MFTJ is a collaboration between producer Scott Schorr and multi-instrumentalist, Mike Keneally.
Released: January 10th 2021
Label: Lazy Bones Recordings
Find me an album with a better collection of song titles than MFTJ’s My Moms Getting A Horse? What Wally Thinks, Hammy Crotchpong, Peeping Racoon, Shoe Trade Gone Bad and Lucy Has The Grip Of A Crop Duster all feature on MFTJ’s second album. Throughout My Moms Getting A Horse you will here fragmented beats, groovy basslines, heavy riffs, trip-hop stylings, a dash of jazz and a smattering of prog.
What Wally Thinks opens the album with a hip-hop style beat that you could imagine Jurassic 5 or Del Tha Funkee Homosapien offering bars to. Keneally’s improvised guitar links are spliced in amongst the music with the guitars getting gradually more prominent as the track grows, culminating in a solo from Frank Zappa’s former ‘stunt guitarist.’ The beats get muddier too; this is a wonderful blend of styles that has been concocted.
Mike Keneally’s guitar fires the start of I Remember When Candy Bars Were A Nickel. The song has a more traditional rock feel with a standard beat and synths adding texture. For the first time in the album, and definitely not the last, the bass guitar seeps out offering relentless groove. Soft Teeth sees the bass being the driving force as again, the relentless nature of the rhythm and groove move the track forward.
National Milk Day uses vocal samples in it’s rich tapestry with the bass sounding very eighties and the guitar again adding little licks throughout. There’s a kind of twisted funk to the piece. P-Funk this ain’t but funk is what you want it to be. See also Hammy Crotchpong for more funk flavourings and twisted guitars!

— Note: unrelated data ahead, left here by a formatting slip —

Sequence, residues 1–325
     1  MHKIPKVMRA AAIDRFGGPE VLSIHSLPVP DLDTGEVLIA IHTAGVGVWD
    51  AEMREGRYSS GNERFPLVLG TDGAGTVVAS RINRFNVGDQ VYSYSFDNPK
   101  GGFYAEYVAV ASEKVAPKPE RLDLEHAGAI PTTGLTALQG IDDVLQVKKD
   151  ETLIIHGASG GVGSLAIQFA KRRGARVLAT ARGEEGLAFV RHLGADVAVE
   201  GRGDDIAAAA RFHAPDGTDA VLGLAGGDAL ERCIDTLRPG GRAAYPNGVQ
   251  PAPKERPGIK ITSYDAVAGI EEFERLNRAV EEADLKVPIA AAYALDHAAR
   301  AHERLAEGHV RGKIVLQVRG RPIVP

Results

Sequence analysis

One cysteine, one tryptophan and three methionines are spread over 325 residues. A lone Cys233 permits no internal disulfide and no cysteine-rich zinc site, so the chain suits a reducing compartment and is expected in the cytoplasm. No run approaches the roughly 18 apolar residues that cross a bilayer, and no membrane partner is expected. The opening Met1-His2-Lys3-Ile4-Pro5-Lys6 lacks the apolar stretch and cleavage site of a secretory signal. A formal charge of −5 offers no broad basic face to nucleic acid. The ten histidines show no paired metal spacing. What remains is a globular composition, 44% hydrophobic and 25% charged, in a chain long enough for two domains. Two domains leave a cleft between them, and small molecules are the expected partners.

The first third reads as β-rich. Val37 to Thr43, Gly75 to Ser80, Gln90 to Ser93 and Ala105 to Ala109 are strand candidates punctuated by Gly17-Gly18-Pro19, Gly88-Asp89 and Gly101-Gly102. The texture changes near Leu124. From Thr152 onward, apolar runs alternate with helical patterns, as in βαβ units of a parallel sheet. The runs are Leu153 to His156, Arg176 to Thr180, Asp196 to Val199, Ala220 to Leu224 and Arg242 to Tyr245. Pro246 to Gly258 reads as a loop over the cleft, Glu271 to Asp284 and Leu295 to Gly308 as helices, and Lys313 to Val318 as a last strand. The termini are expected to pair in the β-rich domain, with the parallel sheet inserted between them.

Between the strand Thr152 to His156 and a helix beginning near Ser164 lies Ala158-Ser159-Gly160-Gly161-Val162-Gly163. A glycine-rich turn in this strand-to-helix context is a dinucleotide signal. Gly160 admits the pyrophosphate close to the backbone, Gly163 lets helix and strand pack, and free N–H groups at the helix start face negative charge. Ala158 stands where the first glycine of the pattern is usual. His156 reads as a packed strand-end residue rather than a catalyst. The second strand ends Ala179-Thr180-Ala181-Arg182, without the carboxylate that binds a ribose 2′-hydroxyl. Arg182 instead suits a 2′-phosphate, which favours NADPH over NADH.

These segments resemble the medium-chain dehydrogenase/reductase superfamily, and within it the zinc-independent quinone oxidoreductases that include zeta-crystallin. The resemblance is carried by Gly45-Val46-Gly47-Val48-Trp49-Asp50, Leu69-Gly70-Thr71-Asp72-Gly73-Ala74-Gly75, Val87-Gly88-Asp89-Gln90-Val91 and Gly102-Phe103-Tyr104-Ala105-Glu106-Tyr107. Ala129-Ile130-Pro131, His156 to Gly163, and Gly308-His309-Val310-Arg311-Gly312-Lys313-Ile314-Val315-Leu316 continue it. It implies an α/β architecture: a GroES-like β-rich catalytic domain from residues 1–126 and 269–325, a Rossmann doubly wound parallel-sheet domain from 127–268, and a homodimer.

Trip-Hop comes to mind on Lucy Has The Grip Of A Crop Duster. The smoky beat and hammond sounding keys make for a sleazy affair, musically. The song gestates into something more urgent as it progresses with licks of classic prog and Steven Wilson stylings playing their part. Who Grooms Your Fur? feels like a darker affair. The off kilter drum beat and dark synths make for an uneasy beginning but the song flourishes again into funk by accident. MFTJ certainly know how to bring joy in their music.
Peeping Racoon feels very playful…not unlike what a peeping racoon might be like. Were the song titles devised before or after the music? That’s one to ponder whilst you listen. Mike Keneally’s guitar fires again in the song. Shoe Trade Gone Bad opens with a chiming bell; tolling the shoe trade gone bad. The song encapsulates the despair of someone who has been ripped off in their trading of brogues. Again, were the titles devised before or after the event?!
Donner Party Highlights and the title track close out the album. The former is another slice of funky prog. The beat is infectious and the groove doesn’t give up. The title track closes out the album in epic fashion with all the great elements of MFTJ in one big melting pot. The guitar solo in the title track has a certain Floydian quality.
MFTJ describe themselves as ‘instrumental prog soup flavoured with art-rock, hip-hop, hard rock and psychedelia.’ I would advise you take the trip into the world of MFTJ and see if you can come up with something better? My Moms Getting A Horse is a wonderfully fun album that will definitely bring a smile to your face.
Stay tuned to At The Barrier for an in depth interview with Mike Keneally, and a feature from Scott Schorr. Listen to MFTJ’s My Moms Getting A Horse below.